With June being Pride Month, we asked members of the SmartBear LGBTQIA+ community some thought-provoking questions around topics such as inclusion, allyship, and more. You can find insights below from Tim Sroka, Lesly Nerette, Ally Drouin, Matt Runkle, Sophie Carr, Stephanie Manzelli, and Dermot Canniffe.
How can we foster an atmosphere of inclusion at work? Specifically for the LGBTQIA+ community?
Tim: Questions are always free. Ask folks who openly identify as a part of the community what they think inclusion means for them. Most importantly, when you do ask – ask with curiosity and empathy. Beyond this very direct and tactical approach, I encourage folks to adopt the mindset of a kindergartner. Ask yourself, “If I were 5 or 6 years old, what would I say, what would I ask, how would I approach people?” While this may seem silly to play out, it’s a powerful exercise to engage in as it helps us as adults – influenced by years of socialization – to clear the proverbial “baggage” that is ingrained behaviors, thoughts, ways of asking questions, etc. Clearing all that “baggage” helps us enter social interactions with a tabula rasa, making us rely on inherent curiosity to learn, listen, and build new habits that will support inclusive thinking, writing, communication, etc.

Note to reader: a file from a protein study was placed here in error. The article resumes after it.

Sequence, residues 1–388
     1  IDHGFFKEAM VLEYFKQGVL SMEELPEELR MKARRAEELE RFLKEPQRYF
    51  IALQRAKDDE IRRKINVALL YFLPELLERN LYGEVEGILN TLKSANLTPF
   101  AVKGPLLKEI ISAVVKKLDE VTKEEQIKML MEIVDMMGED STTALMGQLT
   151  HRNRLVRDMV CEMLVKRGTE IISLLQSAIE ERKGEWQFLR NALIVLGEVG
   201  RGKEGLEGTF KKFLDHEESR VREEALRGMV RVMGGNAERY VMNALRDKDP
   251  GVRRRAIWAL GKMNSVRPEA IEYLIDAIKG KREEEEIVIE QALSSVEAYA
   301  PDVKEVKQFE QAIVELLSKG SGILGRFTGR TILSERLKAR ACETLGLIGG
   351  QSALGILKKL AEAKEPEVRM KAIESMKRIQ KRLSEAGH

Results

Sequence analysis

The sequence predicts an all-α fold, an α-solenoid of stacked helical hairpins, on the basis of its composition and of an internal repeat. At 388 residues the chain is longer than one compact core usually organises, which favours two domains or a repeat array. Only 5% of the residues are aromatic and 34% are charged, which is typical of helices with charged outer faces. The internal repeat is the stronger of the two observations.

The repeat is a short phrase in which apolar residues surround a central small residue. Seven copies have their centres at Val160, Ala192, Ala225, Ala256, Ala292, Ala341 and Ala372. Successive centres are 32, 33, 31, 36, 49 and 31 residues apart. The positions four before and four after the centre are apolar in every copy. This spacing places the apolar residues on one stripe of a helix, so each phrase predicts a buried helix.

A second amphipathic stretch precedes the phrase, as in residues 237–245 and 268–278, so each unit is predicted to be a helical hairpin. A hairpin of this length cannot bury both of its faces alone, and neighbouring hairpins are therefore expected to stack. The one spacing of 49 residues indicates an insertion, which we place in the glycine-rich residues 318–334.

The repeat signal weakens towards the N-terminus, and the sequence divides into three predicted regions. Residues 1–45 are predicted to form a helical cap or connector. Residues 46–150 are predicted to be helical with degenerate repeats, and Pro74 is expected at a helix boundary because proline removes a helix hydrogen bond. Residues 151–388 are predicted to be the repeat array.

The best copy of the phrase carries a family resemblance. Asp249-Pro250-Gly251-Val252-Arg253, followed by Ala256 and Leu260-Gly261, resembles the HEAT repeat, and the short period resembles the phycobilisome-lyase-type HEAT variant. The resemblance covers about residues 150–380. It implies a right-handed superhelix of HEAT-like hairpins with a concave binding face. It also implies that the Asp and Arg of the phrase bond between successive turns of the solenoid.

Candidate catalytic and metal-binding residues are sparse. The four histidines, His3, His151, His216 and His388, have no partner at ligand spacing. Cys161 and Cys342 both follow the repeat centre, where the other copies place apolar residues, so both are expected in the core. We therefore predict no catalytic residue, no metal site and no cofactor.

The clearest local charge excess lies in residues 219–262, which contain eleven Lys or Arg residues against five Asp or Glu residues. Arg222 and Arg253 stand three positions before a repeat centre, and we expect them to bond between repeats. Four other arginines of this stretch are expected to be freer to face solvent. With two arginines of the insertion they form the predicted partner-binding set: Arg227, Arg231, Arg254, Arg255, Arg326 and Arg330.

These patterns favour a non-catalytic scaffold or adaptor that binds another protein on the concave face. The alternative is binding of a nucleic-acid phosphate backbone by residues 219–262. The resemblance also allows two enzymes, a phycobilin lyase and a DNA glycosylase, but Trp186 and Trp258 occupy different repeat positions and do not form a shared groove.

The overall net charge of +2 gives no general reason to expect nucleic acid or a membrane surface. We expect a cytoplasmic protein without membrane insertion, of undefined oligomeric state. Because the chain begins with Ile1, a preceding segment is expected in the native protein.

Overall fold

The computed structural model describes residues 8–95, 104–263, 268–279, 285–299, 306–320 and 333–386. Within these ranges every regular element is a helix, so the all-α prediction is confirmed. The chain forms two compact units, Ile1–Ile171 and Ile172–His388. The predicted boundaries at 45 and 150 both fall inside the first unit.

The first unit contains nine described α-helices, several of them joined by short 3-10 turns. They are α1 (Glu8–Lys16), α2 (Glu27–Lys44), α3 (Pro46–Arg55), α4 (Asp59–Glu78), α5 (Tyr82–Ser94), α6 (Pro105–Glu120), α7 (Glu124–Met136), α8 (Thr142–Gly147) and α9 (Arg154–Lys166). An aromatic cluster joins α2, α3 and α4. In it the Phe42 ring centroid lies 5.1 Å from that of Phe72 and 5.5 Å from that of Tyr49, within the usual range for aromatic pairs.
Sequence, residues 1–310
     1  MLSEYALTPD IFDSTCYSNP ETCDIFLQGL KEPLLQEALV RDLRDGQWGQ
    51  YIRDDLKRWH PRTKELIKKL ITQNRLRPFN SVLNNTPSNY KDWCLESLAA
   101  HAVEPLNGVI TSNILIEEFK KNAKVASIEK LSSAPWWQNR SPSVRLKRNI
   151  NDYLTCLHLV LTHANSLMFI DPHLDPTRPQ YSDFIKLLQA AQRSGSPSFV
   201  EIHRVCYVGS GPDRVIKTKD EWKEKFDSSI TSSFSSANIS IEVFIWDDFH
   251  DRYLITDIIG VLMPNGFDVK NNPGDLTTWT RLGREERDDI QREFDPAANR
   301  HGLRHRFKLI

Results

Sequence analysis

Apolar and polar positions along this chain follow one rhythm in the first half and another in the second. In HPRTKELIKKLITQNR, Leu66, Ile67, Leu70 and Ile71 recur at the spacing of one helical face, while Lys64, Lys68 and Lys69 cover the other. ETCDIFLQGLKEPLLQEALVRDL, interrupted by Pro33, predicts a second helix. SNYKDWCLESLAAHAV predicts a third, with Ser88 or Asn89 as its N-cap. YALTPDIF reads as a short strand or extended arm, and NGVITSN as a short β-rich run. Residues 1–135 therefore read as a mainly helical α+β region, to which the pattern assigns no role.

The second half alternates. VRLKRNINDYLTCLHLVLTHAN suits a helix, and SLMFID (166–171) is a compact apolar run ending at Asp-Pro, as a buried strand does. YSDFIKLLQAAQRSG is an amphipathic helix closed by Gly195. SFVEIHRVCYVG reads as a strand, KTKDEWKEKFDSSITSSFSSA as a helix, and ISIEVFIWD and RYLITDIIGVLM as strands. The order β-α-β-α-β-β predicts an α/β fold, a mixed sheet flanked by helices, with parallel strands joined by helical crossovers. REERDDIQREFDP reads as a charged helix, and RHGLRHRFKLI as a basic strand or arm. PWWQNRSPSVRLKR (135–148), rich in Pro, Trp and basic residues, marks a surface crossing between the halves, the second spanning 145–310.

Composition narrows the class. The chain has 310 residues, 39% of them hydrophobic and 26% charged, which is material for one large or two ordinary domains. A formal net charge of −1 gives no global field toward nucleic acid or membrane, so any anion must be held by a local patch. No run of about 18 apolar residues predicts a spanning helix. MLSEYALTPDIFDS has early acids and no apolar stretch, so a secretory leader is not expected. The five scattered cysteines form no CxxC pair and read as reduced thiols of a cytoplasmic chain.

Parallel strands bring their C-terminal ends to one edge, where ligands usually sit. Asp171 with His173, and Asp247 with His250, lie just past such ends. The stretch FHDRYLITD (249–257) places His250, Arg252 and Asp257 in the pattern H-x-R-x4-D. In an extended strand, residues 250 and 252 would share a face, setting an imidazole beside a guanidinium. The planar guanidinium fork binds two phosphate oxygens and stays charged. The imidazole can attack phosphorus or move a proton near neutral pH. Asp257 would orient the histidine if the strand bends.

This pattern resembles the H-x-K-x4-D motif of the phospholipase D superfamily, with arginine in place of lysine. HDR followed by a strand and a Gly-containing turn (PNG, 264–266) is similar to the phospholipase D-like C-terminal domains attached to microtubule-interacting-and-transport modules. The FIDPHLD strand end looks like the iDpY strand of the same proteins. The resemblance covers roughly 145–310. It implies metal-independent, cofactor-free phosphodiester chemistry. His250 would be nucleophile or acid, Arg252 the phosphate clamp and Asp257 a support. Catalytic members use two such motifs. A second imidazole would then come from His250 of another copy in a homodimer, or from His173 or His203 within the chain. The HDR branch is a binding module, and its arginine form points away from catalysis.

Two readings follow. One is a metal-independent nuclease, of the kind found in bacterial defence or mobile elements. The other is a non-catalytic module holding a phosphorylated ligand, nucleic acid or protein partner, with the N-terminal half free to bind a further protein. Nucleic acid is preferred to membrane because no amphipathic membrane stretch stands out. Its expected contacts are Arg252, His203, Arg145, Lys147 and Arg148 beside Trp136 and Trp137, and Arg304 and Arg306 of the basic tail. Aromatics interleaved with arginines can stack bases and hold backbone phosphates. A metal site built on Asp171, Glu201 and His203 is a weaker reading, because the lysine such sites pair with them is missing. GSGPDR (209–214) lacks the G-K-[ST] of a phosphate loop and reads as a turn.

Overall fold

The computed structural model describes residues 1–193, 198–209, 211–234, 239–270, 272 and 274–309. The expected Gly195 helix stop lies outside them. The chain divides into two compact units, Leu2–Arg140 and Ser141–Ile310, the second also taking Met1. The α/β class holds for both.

Lesly: Showing up as an ally and educating oneself as to what the LGBTQIA+ community embodies. We’re all so vastly different, so being sure to be accepting and aware of gender identity, sexual orientation, and alike would go a long way.
Sophie: Normalize having pronouns listed in bios, signatures etc. This is most effective when led by ELT. Obviously, it should not be enforced though.
Stephanie: Being a silent ally isn’t enough, as HR professionals, we should each be focusing on: